Separating the Bruce and Trivers‐Willard effects in theory and in human data

Separating the Bruce and Trivers‐Willard effects in theory and in human data INTRODUCTIONTheories of reproductive suppression posit that natural selection conserved mechanisms that reduce fertility when offspring would otherwise fail to thrive (Beehner & Lu, ; Haig, ; Wasser & Barash, ). This paper focuses on two mechanisms, the Bruce () and Trivers and Willard () Effects, thought to implement reproductive suppression in several species, including humans. Although the lines of literature describing these mechanisms rarely acknowledge each other, they have much in common. Both, for example, assume that pregnant women vary in their capacity to invest in children and that children vary in their need for maternal investment to thrive in prevailing environments. Both mechanisms also assume that low‐resource mothers with high‐need children will have relatively few grandchildren because their children will more frequently die before reproductive age than will the children of other mothers. These shared assumptions lead to the inference that natural selection would conserve mutations that spontaneously abort gestations in which the needs of the prospective child would otherwise exceed the resources of the prospective mother.The arguments embedded in these two lines of literature also have important differences. We describe these differences and explore historic data to determine which argument better describes temporal variation in an important http://www.deepdyve.com/assets/images/DeepDyve-Logo-lg.png American Journal of Human Biology Wiley

Separating the Bruce and Trivers‐Willard effects in theory and in human data

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Publisher
Wiley Subscription Services, Inc., A Wiley Company
Copyright
© 2018 Wiley Periodicals, Inc.
ISSN
1042-0533
eISSN
1520-6300
D.O.I.
10.1002/ajhb.23074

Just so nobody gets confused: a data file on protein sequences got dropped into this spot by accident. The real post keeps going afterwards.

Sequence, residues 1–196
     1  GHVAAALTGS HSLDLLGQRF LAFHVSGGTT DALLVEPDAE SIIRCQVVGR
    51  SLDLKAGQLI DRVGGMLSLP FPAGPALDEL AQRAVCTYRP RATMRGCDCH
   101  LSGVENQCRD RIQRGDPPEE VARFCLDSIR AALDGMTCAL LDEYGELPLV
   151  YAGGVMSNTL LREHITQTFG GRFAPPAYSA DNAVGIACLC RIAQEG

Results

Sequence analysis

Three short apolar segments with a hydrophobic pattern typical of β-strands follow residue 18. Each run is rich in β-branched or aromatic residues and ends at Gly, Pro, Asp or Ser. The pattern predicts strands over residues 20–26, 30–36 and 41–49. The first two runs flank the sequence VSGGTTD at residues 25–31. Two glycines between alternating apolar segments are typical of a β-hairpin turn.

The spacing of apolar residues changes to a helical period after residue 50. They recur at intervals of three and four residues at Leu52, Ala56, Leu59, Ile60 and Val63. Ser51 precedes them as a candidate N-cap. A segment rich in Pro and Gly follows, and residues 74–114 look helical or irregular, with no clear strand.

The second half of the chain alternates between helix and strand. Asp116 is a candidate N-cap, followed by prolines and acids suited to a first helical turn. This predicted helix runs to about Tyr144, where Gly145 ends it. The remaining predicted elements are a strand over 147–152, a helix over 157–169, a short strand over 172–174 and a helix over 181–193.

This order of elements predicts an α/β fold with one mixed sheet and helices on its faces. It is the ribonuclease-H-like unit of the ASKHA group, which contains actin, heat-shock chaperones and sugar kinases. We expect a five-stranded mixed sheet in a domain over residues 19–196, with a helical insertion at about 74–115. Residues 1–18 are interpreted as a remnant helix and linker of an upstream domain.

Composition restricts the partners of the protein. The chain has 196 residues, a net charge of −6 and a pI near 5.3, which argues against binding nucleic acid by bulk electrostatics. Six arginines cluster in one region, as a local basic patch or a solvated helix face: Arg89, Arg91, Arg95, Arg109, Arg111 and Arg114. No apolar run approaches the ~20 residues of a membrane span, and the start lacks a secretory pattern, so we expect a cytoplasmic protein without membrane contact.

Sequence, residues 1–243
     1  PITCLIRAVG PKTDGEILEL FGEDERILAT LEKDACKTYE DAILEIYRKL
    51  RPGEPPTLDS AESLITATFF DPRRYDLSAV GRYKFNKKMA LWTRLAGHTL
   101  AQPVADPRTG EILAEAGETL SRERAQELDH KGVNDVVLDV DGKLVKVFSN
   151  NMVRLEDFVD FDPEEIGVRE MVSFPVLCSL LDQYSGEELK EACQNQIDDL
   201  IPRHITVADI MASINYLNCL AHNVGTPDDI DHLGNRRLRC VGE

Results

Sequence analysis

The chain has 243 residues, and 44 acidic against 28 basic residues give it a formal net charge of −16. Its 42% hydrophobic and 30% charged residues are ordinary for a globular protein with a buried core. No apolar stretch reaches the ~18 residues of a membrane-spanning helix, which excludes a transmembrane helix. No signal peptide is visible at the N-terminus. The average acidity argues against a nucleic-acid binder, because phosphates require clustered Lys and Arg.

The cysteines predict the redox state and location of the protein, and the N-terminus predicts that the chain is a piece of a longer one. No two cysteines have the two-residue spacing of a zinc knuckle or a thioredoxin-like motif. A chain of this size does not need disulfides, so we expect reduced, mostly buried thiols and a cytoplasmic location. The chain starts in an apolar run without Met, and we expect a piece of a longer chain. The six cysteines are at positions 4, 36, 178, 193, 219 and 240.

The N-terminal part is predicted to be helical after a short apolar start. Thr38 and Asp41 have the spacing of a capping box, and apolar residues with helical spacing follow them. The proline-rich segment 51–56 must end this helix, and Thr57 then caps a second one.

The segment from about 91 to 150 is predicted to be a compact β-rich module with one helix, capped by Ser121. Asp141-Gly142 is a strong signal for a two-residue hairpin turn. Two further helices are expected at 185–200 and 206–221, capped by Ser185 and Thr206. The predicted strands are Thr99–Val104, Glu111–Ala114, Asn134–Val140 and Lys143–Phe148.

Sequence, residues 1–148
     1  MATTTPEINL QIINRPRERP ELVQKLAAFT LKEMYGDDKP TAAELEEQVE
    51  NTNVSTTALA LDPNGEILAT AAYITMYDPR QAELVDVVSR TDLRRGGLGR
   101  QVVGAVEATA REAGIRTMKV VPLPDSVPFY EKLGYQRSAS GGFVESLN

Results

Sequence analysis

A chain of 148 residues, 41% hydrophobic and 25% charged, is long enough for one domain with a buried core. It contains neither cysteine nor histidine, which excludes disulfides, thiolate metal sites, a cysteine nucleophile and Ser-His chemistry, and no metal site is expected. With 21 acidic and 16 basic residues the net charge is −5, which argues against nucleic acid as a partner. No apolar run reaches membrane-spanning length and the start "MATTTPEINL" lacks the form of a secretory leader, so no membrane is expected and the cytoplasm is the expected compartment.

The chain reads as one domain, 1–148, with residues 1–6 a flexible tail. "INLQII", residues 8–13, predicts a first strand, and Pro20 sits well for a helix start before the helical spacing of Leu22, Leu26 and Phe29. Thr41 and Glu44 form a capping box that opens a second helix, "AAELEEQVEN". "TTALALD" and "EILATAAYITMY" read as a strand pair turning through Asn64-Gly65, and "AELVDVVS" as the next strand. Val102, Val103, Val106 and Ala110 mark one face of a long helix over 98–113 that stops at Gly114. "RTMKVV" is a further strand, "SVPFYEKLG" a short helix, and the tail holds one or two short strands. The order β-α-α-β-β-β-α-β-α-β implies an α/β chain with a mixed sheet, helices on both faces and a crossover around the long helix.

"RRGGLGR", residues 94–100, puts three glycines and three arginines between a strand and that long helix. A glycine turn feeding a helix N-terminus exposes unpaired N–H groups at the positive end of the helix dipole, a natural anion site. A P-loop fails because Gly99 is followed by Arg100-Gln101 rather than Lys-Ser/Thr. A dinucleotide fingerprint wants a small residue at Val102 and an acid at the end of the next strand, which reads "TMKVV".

Publisher site
See Article on Publisher Site

Abstract

INTRODUCTIONTheories of reproductive suppression posit that natural selection conserved mechanisms that reduce fertility when offspring would otherwise fail to thrive (Beehner & Lu, ; Haig, ; Wasser & Barash, ). This paper focuses on two mechanisms, the Bruce () and Trivers and Willard () Effects, thought to implement reproductive suppression in several species, including humans. Although the lines of literature describing these mechanisms rarely acknowledge each other, they have much in common. Both, for example, assume that pregnant women vary in their capacity to invest in children and that children vary in their need for maternal investment to thrive in prevailing environments. Both mechanisms also assume that low‐resource mothers with high‐need children will have relatively few grandchildren because their children will more frequently die before reproductive age than will the children of other mothers. These shared assumptions lead to the inference that natural selection would conserve mutations that spontaneously abort gestations in which the needs of the prospective child would otherwise exceed the resources of the prospective mother.The arguments embedded in these two lines of literature also have important differences. We describe these differences and explore historic data to determine which argument better describes temporal variation in an important

Journal

American Journal of Human BiologyWiley

Published: Jan 1, 2018

References

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